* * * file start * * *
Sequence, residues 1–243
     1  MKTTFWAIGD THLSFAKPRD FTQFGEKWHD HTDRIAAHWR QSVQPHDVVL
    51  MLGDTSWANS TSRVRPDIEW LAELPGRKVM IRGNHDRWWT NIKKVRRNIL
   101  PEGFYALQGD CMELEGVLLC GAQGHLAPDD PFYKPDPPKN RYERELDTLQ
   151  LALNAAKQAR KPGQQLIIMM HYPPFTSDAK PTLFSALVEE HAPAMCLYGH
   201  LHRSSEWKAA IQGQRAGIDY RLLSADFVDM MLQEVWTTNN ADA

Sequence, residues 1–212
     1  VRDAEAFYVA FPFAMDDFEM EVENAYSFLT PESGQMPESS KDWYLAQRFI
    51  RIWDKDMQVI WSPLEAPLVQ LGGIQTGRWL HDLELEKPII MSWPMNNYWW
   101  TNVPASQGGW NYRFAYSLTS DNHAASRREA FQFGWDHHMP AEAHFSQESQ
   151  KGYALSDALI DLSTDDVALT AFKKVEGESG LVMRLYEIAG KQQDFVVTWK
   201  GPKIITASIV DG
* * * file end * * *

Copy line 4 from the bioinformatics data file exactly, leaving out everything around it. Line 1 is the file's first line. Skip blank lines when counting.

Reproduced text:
   101  PEGFYALQGD CMELEGVLLC GAQGHLAPDD PFYKPDPPKN RYERELDTLQ